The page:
04 May When and Where to Get the COVID-19 Vaccine
Thanks to those in science and healthcare, we now have a safe and effective way to fight against the spread of COVID-19 and one of the most important tools to end the pandemic.
The COVID-19 vaccine has proven effective in lowering the number of people getting and spreading COVID-19 as well in helping to prevent serious illness and death– and that is why healthcare professionals throughout the nation and here in east Georgia encourage everyone eligible to get vaccinated.
And the best news is that everyone five years of age and older is eligible to receive the COVID-19 vaccine at no cost. And this vaccine is available at multiple locations throughout our region.
Lester Johnston, M.D., an internal medicine and pediatrics specialist at Community Medical Associates in Washington, advises all patients to receive the vaccine even though COVID-19 numbers currently remain low.
“The vaccine most definitely helps decrease mortality and morbidity, meaning it decreases the chance of death; it decreases the intensity of the illness, and it decreases the length of the illness,” Dr. Johnston said. “Eighty-five to 90 percent of the patients hospitalized at Wills Memorial Hospital for respiratory distress and failure for coronavirus did not have the vaccination, while 10-15 (percent) were vaccinated.”
In addition, according to the CDC, people who are up-to-date on vaccines are likely to have stronger protection against COVID-19 variants. Therefore, it is important to receive the vaccine so that you are shielded against the possibility of infection – which could increase again, despite current infection levels.
Once you have decided to receive the vaccination, the next question is which one to receive (there are three authorized versions of the vaccine on the market) and where to do so.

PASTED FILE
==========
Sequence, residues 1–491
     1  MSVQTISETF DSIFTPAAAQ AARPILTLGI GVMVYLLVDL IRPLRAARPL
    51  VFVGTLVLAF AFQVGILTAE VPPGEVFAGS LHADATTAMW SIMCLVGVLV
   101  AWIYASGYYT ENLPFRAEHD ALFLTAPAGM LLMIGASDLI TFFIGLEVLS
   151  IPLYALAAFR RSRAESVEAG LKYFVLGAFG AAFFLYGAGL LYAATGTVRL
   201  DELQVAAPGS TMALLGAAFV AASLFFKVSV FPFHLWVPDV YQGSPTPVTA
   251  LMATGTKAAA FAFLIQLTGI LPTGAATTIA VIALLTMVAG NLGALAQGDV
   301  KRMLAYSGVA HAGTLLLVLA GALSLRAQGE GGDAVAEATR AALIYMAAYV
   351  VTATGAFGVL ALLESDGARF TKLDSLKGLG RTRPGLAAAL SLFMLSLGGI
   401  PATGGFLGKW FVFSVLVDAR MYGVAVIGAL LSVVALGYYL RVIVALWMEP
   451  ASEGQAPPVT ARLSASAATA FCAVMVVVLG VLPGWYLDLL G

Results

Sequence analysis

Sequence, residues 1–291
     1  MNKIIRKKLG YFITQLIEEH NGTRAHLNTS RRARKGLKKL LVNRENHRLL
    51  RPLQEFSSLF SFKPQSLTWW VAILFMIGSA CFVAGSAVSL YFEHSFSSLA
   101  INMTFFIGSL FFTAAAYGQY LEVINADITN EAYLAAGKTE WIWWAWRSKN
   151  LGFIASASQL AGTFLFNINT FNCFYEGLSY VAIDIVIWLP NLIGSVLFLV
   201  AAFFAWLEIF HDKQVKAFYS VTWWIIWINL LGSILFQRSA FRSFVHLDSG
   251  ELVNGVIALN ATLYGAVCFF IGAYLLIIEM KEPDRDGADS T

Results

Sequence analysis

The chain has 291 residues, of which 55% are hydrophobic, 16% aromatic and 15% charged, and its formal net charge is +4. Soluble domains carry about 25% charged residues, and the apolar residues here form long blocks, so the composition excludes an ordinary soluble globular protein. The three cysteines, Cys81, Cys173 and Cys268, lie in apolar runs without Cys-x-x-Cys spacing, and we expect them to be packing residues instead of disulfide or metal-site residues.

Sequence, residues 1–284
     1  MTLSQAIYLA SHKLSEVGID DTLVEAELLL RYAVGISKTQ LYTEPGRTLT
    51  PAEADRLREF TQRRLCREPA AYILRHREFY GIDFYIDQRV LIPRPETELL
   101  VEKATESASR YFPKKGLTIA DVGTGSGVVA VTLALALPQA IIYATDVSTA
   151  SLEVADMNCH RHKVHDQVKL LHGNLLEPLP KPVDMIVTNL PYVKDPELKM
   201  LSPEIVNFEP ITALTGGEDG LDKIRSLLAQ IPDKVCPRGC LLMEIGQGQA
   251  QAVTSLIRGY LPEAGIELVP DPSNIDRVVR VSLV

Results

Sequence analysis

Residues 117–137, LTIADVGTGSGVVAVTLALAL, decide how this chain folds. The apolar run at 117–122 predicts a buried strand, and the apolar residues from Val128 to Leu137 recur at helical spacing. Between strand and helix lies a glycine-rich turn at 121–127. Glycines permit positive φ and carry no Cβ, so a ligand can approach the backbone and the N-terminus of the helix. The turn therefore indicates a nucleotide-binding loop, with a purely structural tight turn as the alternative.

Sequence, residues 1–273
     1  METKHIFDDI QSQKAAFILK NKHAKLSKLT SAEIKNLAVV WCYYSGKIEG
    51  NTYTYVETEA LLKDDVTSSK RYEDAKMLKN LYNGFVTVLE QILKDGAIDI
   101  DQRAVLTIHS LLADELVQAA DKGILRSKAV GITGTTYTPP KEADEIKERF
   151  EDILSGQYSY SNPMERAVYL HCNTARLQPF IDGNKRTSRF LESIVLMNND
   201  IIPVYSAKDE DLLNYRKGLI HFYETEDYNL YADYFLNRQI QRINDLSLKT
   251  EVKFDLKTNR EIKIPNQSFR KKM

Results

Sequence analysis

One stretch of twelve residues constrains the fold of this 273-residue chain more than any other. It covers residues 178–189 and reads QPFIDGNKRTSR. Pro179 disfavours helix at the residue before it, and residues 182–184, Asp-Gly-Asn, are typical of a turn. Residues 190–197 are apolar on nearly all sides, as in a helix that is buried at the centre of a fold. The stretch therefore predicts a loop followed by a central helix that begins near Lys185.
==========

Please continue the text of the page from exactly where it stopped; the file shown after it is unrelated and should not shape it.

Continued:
Which COVID-19 vaccine should I get?
Of the three vaccines currently approved for use in the United States, the versions produced by Pfizer or Moderna are mRNA vaccines and are preferred by medical professionals. This is because mRNA vaccines act as a courier (the “m” stands for messenger) that supply your body with the blueprint for how to counter the coronavirus – specifically which protein to produce to trigger an appropriate immune response. It is a decades-old technology that has long produced results in fighting disease.
Each mRNA vaccine requires a two-dose course, and there are also boosters available at recommended intervals to enhance and/or maintain effectiveness over time.
Who should receive the vaccine and when?
The two-dose Pfizer-BioNTech COVID-19 vaccine is recommended for everyone ages 5 and older. The doses should come 3-8 weeks apart and the dose for children 5-11 is different than ages 12 and older.
Meanwhile, the two-dose Moderna vaccine is recommended for everyone ages 18 and older. The doses should come 4-8 weeks apart. We encourage you to learn more about staying up-to-date with your COVID-19 vaccines through the CDC.
What about boosters?
Boosters are not recommended for patients ages 5-11 at this time. However, every patient aged 12 or older is recommended to receive a single booster five months after becoming fully vaccinated (which occurs two weeks after their second vaccination dose). Currently the Pfizer-BioNTech COVID-19 vaccine is the only one authorized for children ages 5 through 17.
However, patients aged 18 and older may receive a booster produced by either company.
Further, a second booster is recommended for adults ages 50 years and older and may be received four months after the first booster. The CDC provides the latest information on vaccine boosters, and we encourage you to read more here.
Where can I receive a vaccination in my community?
There are several vaccination providers throughout east Georgia and nearby Wilkes County.
Click here to view the local vaccination locations and contact any of them for more information or to schedule your COVID-19 vaccine appointment. And please stay up-to-date with your COVID-19 vaccines by following the current recommendations found here.